C. W. Post

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"CW Post" redirects here. For the former C.W. Post Campus of Long Island University, see LIU Post.
C. W. Post
Post 5416186694 12003bd602 o.jpg
Born (1854-10-26)October 26, 1854
Springfield, Illinois
Died May 9, 1914(1914-05-09) (aged 59)
Santa Barbara, California
Cause of death
Suicide
Resting place
Oak Hill Cemetery, Battle Creek, Michigan
Nationality American
Occupation Breakfast cereal magnate
Net worth USD $33 million at time of death [1]
Children Marjorie Merriweather Post

Charles William "C. W." Post (October 26, 1854 – May 9, 1914), was an American breakfast cereal and foods manufacturer and a pioneer in the prepared-food industry.

Biography[edit]

Early years[edit]

Charles William Post, commonly known as "C. W.", was born October 26, 1854 in Springfield, Illinois. He was the son of Charles Rollin Post and the former Caroline Lathrop and grew up in the hometown of Abraham Lincoln, President of the United States during Post's boyhood years.[2]

Post graduated from the public schools of Springfield and enrolled at Illinois Industrial University (known today as the University of Illinois) at Urbana, where he remained two years before leaving without a degree.[3]

After a brief stay in Independence, Kansas, Post returned to Springfield, where he remained for over a decade working as a salesman and manufacturer of agricultural machinery.[3] During this interval Post invented and patented several farm implements, including a plow, a harrow, and a hay-stacking machine.[3]

In November 1874, Post married Ella Letitia Merriweather; they had one daughter.[3] The couple were later divorced.[3] Post married his second wife, Leila Young, in November 1904.[3]

Career[edit]

C.W. Post holding his only child, daughter Marjorie Merriweather Post

Post suffered a nervous breakdown in November 1885, the result of the stress and overwork which accompanied his job as a farm implement manufacturer.[3] Post made a break with his previous life, moving to the state of Texas in 1886, where he came into association with a group of real estate developers in Fort Worth, who were attempting to establish a new community on the eastern outskirts of town called Riverside.[3] In 1888, Post began a real estate development of his own in Fort Worth on 200 acres that he had obtained, platting the land for streets and homes and constructing two mills.[3]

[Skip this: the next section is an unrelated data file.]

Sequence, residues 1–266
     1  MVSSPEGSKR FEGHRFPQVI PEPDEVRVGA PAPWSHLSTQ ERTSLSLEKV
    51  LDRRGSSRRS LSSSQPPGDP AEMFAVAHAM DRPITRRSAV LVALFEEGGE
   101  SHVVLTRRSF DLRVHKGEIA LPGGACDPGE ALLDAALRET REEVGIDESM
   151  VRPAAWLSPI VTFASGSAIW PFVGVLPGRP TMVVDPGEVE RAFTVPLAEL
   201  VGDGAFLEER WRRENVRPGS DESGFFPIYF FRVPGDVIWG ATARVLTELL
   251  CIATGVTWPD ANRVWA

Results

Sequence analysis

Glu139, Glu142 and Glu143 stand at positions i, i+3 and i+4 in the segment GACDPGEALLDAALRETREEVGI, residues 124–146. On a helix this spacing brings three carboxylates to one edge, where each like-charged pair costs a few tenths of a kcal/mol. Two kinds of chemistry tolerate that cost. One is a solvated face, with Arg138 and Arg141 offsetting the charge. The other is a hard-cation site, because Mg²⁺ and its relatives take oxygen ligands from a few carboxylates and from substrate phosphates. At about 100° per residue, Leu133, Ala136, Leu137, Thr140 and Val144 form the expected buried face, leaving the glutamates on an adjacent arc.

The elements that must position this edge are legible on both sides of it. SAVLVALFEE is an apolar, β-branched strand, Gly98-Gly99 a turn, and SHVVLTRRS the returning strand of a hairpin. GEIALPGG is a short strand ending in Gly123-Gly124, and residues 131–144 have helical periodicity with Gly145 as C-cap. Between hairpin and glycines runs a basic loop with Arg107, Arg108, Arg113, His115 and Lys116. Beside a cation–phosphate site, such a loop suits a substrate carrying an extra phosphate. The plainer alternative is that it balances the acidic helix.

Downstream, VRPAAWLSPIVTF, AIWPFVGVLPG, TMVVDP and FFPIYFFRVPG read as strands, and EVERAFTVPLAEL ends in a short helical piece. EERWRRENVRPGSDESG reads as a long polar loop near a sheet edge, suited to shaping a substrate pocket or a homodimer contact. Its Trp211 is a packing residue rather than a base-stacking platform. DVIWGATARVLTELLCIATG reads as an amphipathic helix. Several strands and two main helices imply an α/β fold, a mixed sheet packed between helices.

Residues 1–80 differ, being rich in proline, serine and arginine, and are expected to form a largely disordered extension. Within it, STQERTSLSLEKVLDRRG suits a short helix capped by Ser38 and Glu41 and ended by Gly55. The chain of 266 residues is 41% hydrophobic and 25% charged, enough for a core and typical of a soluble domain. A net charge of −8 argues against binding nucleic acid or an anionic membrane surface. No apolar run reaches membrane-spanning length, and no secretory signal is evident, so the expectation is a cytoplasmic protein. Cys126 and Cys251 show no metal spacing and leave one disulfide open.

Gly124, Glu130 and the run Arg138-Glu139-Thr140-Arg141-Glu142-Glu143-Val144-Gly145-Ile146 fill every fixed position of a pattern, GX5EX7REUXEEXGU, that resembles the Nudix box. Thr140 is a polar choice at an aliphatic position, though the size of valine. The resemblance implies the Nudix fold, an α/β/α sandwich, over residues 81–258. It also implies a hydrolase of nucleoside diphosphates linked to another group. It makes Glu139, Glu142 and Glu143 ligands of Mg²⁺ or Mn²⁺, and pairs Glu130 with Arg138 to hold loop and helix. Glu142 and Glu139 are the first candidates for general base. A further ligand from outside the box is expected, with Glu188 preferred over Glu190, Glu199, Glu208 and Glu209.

The stress of this work again proved too much for Post's constitution, and a second breakdown followed in 1891.[3] Post began a period of extensive travels in search of a cure, coming to take particular interest in the chemistry of digestion.[2] After a period traversing Europe, Post visited the Battle Creek Sanitarium of Battle Creek, Michigan, a facility operated by John Harvey Kellogg. He was inspired to start his own company based upon the dietary products used there.

In 1895, Post founded Postum Cereal Co., with his first product, Postum cereal beverage. Post's first breakfast cereal premiered in 1897, and he named the product Grape Nuts cereal because of the fruity aroma noticed during the manufacturing process and the nutty crunch of the finished product. In 1904, he followed up the Grape Nuts label with a brand of corn flakes, which was first called Elijah's Manna before being renamed Post Toasties in 1908.

In 1906, Post invested some of his substantial earnings from his food products manufacturing into Texas real estate, purchasing a massive 225,000 acre tract in Garza and Lynn Counties.[3] Post platted a new town, which he called Post City.[3] Shade trees were planted, farm parcels laid out, and a hotel, school, churches, and a department store were constructed for the new Garza County seat.[3]